15th May 2020 Today’s Round-Up of Climate News

“It was a remarkably cold winter across the High Arctic, at least compared with the abnormally mild winters in many recent years. But the weather pattern has reversed this spring and unusually warm air is surging toward the North Pole, paving the way for the Arctic ice melt season to commence.

“The sudden pulse of warmth is one of many observed in the Arctic in recent years, which research shows are increasing in frequency due to rapid climate change, accelerating the loss of sea and land ice.

“Above freezing temperatures are showing up in the Central Arctic about one month earlier than average this week, according to Ted Scambos, a senior research scientist at CIRES…”


The seasonal ice melting in the Yakutia and Krasnoyarsk regions of Russia caused a rise of water level in Siberian rivers, triggering floods in towns and villages.

“Ice jams on the Lena river led to the water rising two metres higher than the critical level.”


Scientists warned on Thursday that a catastrophic tsunami is most likely to happen because of climate change increasing the risk of a massive landslide in an Alaskan fjord.

“A glacier that supports a steep, mile-long slope along one flank in Prince William Sound is slowly retreating due to warmer temperatures.”


A wildfire in Southwest Florida continued to grow in size Thursday evening, forcing hundreds of residents from their homes along a stretch of Interstate 75.

“A 20-mile stretch of the interstate, also known as Alligator Alley, that had been closed overnight was reopened about 2:30 p.m. Thursday.”


Fires are raging in the coastal state of Guerrero in south-central Mexico and smoke from the fires drifts over most of the state.

“On May 12, 2020, the Comisión Nacional Forestal of Mexico reported 15 active forest fires throughout the state. The fires have been difficult to control because of strong winds.”


June 1 is the official start to Atlantic hurricane season, but a weather system forming now may make this the sixth straight year with a tropical system forming before that date.

“”This system is likely to become a tropical or subtropical storm by late Friday or Saturday when it is located near the northwestern Bahamas,” the National Hurricane Center said.”


Europe is set for a sweltering and tinder dry summer this year, posing trouble for farmers, utilities and transportation on inland waterways.

“That’s the conclusion of scientists at the Copernicus Climate Change Service, who published the seasonal outlook this week.”


“As temperatures are expected to hit and even exceed 40 degrees Celsius in many parts of the country this weekend…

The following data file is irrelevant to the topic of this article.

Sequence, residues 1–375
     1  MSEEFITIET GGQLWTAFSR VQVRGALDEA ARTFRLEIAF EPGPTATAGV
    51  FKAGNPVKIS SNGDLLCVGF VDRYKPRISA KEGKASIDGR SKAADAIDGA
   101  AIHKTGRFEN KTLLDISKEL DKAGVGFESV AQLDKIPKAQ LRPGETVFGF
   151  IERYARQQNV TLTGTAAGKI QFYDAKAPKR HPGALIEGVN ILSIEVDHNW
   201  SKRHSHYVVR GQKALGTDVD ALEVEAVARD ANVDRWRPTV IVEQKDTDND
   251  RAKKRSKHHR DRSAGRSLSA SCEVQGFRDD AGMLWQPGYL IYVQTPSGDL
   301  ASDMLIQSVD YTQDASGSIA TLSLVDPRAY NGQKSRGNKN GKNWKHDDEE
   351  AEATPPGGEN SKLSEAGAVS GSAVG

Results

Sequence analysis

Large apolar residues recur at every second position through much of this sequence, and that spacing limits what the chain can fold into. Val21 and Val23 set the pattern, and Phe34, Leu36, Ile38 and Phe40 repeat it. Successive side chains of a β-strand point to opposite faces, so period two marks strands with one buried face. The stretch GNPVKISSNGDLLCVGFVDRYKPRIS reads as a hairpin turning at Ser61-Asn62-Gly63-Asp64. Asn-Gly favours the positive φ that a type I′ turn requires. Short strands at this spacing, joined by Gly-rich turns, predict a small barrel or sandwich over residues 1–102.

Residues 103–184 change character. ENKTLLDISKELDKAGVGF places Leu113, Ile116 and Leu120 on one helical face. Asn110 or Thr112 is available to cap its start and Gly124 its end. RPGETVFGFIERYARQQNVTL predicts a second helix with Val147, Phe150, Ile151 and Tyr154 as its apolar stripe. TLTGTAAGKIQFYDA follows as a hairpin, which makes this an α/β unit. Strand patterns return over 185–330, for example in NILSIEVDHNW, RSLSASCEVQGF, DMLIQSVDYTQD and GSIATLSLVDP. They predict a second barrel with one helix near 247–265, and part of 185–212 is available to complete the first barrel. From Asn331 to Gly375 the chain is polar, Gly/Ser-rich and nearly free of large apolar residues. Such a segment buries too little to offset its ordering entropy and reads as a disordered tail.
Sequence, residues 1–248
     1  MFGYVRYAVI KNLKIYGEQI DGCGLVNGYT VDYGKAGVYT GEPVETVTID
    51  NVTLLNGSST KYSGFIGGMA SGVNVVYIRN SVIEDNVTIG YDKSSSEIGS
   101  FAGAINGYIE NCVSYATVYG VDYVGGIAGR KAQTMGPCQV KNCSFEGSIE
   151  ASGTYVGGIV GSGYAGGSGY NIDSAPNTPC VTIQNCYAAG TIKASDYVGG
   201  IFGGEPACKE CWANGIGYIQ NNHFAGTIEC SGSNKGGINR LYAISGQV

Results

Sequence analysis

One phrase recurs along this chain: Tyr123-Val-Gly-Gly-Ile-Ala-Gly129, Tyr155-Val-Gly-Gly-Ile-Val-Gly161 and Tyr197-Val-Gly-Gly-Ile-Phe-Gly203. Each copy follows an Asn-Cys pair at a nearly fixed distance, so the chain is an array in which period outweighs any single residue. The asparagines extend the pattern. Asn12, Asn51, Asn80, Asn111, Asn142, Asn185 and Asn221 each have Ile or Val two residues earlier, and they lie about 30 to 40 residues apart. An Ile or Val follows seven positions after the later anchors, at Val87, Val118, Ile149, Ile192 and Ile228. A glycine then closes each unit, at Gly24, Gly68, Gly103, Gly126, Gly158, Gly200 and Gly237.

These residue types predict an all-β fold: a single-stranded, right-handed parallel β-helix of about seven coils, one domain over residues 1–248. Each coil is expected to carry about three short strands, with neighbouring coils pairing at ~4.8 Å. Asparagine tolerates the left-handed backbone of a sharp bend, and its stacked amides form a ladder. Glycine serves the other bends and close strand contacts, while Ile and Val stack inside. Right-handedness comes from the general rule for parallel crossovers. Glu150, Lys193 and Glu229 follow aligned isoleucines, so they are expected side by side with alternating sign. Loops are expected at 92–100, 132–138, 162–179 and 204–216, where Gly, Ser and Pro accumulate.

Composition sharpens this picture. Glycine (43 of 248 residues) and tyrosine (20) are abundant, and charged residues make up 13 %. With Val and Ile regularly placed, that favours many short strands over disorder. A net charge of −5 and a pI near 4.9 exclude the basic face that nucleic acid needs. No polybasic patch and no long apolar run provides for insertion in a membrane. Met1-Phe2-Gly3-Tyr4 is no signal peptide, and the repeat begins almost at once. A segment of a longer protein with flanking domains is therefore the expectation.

“…a National Observatory of Athens (NOA) scientist said Greece may be in for the hottest May heatwave in at least 50 years.”


Temperatures in many [of Turkey’s] provinces and locales in the interior and western region may approach or even top record levels

“Adil Tek, head of an Istanbul-based earthquake institute, said this year the average temperature in Istanbul from January to May 13 broke a 109-year temperature record, and an early summer can be expected.”


Israel is on high alert as wildfires are expected across the country due to abnormally high temperatures, Israel Fire and Rescue Services (IFRS) Commissioner Dedi Simchi said Friday morning.

“According to Simchi, starting this weekend, a heatwave is expected to hit the country, with extremely high temperatures and low humidity.”


24 people have been killed and more than 283,000 others have been displaced by floods in Somalia, according to figures released by the United Nations Office for the Coordination of Humanitarian Affairs (OCHA) in Somalia.

“The figures also indicated that 28 districts and more than 701,000 people in the Horn of Africa nation have been affected by the floods.”


A shocking video has shown the streets of Delhi covered in white hailstones, with some Indians saying it is a sign of the end of the world.

“In the clip, ice covers the roads and has settled despite sweltering 45C (113F) temperatures forecast for this coming weekend.”


“The Mekong animates a vast swathe of Asia, from the snow-packed mountains of south-western China from which it springs, to Thailand, Laos, Cambodia and Vietnam in the lower portion of the basin. As it meanders along its 4,500km route, it feeds and waters some 66m people. Yet the river is ailing.

Last year the water in the Mekong fell to its lowest level since records began…”


Almost one million Rohingya people in the world’s largest refugee camp are facing the added threat of a cyclone as the first cases of Covid-19 are confirmed, Oxfam warned today.

“The cyclone, which is likely to form off the coast over the weekend, could bring further suffering and destruction to the camps on top of a potentially devastating health crisis.”


A tropical downpour caused flash floods on roads in Pattaya, eastern Thailand, today (May 14). Motorists and pedestrians had to battle through the deluge which left some parts submerged in knee-deep water…

“Tropical storms have been sweeping Thailand for the last few weeks as the country enters its scorching summer season with temperatures reaching 42C.”


“Heavy rainfall throughout the week has caused floods and landslides in several provinces, as the rainy season is expected to be last longer than initially forecasted.

A downpour lasting from Tuesday afternoon to Wednesday morning led to floods in Lebak regency [Indonesia]…”


Northern Samar, Bicol region [Philippines takes direct hit from Typhoon Vongfong

“Typhoon, equivalent to Hurricane Category 4, brings gusts of up to 212 km/h… Power outages reported in provinces that saw its wrath, while country deals with effects of coronavirus pandemic…”


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14th May 2020 Today’s Round-Up of Climate News